No doubt that Beijing is today in a position of force, the leadership believes that time is on their side; they bet on the fact that the Dalai Lama is not here forever (though he is presently in perfect health).
In Delhi, one often hears comments that India should drop the ‘Dalai Lama card’; that this gesture from India would greatly help in improving India’s relations with China. But nothing is further from the truth, morally and politically.
Morally, India and Tibet are linked by the fact that Tibetan Buddhism has, as mentioned by the Dalai Lama, its origin in the great viharas of North India and the teachings of Gautam Buddha.
Politically, were India to drop the ‘Tibet card’, her stand on the border would be tremendously weakened. If Beijing manages to bend the only other aspirant superpower in Asia, it would have a free hand to dictate more terms to India.
Some 25 years ago in a letter to the Indian government, the Dalai Lama gave 2 reasons why the Communist regime is so keen to destroy all trace of Buddhism in Tibet: “(a) As the source of the Buddha dharma the Tibetan people have a very strong sense of affinity with India. The Chinese claim that the Buddhism which flourished in Tibet is a branch of Chinese Buddhism is ridiculous, (b) Like in Poland, religion has become synonymous with nationalism.”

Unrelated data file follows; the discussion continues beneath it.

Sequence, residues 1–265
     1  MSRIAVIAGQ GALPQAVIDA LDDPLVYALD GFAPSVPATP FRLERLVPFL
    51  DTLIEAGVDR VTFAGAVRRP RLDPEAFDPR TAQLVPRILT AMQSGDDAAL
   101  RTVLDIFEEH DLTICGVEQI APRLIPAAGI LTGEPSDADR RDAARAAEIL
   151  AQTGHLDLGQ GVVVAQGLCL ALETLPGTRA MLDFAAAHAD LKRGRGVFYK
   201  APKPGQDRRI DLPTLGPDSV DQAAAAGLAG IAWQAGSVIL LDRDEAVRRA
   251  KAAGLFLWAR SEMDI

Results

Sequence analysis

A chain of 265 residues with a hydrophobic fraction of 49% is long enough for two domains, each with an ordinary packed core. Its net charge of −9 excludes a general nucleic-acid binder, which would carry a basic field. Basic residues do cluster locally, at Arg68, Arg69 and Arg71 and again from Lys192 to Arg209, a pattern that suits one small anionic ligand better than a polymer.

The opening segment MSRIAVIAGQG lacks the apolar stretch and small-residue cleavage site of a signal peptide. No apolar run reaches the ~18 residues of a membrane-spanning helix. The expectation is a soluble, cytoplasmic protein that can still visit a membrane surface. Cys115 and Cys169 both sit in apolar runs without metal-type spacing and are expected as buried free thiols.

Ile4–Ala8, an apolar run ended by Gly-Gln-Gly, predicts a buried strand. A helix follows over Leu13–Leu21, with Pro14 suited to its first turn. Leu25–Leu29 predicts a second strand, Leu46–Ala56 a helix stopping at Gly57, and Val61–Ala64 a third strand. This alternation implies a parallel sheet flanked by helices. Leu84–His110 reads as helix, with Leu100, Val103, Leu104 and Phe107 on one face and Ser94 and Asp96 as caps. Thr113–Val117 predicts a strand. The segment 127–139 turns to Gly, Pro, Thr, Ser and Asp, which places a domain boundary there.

The Tibetan leader continued: “If the Chinese pursue their true intentions effectively India may one day have across her Himalayan borders a Tibetan population owing full allegiance to the Chinese. This will have serious consequences to India.”
India always believed in justice, peace and non-violence. Ultimately, to support the Dalai Lama in getting a genuine autonomy would be good not only for India and Tibet, but also good for China who helplessly needs deeper values for her society. Thirty years after Deng Xiaoping stated that ‘getting rich is glorious’, the economic differences have never been so large between rich and poor in the Middle Kingdom and the tension never so high between the different ‘minorities’.
The Dalai Lama is perhaps the only person who could help the Chinese leadership to fulfill its dream to build a harmonious society. As for India, the Tibetan leader has blessed the nation by his presence for more than 50 years, India should support his just cause.